‘We know it’s not a level playing field’
Facebook’s #shemeansbusiness campaign proves that sisterhood is alive and well
‘U.K. men are twice as likely as women to become a founder,’ explains Nicola Mendelsohn, VP EMEA, Facebook.
Sadly, that’s just a fact of how underrepresented women still are in business. But we’re moving in the right direction, with individuals, brands and companies fighting to make global change.
One of these is Facebook, whose #shemeansbusiness programme supports female entrepreneurs in the UK by providing the tools, training and practical advice needed to make their dreams a reality.
According to new research by the programme, the ‘connect effect’ is real, with female business leaders proven to be nearly twice as likely to forecast business growth if they are part of a business community.
That’s right. The sisterhood is alive and well.
Despite the facts, and the awareness around them, it also emerged that a whopping 50 per cent of female business leaders are not part of such a network.
Why? They don’t know how or where to find one, with the current business networking environment better set up for male business leaders.
This however is all about to change – and about time, too.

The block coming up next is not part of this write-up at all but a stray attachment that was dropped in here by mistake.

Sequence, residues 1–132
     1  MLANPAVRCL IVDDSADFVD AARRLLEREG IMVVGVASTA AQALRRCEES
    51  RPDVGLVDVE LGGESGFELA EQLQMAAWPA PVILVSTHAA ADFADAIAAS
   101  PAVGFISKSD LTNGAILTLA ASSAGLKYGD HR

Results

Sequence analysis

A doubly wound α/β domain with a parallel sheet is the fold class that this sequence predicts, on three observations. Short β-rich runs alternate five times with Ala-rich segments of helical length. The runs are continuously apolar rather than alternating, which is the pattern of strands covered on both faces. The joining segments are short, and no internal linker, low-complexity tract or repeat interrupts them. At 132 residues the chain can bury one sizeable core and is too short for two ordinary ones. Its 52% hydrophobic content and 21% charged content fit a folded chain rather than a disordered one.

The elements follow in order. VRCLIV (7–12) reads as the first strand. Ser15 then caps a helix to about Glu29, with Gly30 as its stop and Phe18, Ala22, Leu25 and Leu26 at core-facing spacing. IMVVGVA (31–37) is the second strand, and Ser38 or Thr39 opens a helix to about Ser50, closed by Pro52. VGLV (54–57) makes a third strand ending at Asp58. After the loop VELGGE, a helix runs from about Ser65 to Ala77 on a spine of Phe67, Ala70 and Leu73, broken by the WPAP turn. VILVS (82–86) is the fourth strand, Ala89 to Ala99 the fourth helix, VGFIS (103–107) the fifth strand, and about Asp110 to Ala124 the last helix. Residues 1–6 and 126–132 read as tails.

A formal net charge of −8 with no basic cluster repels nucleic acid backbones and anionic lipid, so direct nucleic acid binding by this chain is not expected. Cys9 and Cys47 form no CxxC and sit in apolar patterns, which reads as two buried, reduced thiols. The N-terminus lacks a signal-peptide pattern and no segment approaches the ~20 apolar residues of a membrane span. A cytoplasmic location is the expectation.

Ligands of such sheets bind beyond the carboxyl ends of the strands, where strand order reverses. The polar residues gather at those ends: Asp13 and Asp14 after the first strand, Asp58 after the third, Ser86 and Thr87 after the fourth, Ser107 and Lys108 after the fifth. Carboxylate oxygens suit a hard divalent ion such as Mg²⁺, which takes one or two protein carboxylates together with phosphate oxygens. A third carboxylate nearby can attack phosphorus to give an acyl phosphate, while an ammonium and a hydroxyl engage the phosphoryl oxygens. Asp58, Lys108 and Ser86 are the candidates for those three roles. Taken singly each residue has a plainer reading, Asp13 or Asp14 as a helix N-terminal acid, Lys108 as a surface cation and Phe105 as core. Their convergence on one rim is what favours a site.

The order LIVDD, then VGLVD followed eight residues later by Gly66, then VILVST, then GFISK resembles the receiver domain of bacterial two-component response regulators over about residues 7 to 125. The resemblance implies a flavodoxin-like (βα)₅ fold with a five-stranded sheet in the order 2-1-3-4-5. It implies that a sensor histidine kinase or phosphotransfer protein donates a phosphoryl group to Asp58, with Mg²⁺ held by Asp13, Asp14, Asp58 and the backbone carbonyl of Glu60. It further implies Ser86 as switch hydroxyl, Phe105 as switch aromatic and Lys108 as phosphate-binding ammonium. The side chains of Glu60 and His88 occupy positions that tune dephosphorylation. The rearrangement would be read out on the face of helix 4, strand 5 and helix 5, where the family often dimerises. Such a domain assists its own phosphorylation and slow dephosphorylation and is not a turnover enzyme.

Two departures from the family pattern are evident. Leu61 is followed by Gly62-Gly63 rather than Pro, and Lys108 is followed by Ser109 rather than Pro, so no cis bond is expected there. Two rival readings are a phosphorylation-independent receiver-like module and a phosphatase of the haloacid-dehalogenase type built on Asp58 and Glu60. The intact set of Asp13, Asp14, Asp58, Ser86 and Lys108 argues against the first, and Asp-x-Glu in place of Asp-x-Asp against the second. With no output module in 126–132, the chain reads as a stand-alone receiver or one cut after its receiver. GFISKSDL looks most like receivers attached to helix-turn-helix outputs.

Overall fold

Having identified the connect effect, Facebook has welcomed AllBright – a community driving smart-thinking women to thrive through Members’ Clubs, an Academy and Live Events – into the #SheMeansBusiness partner network alongside Enterprise Nation and The Federation of Small Businesses (FSB).
And it’s good news for everyone.
As part of the partnership, AllBright is launching a new free 10-week online learning programme – The AllBright Academy – to support women to supercharge their careers or businesses.
What will the course include?
The course – offered to thousands of women across the country – aims to inspire creativity, empower confidence and improve digital skills – with the course content coming from some very impressive faces. Everyone from Cath Kidston MBE and Karen Blackett OBE (Chairwoman, MediaCom) to Thomasina Miers (Founder of Wahaca).
‘When it comes to scaling up businesses, the UK only ranks 13th in the world,’ explained Nicola Mendelsohn, VP EMEA, Facebook. ‘And according to The Entrepreneurs Network, just nine per cent of funding into UK start-ups currently goes to women-run businesses annually.’
She continued: ‘Growing a business is tough, but it’s particularly tough for female business leaders. Being part of a business community, and having ongoing support to make progress on self-development, can make all the difference.’
‘Networks matter,’ agreed Debbie Wosskow OBE, Co-Founder, AllBright. ‘Having groups of peers that can be called upon to collaborate and learn from when you’re facing a business challenge can help enormously.’
So if you want your business to thrive, surround yourself with some fierce females.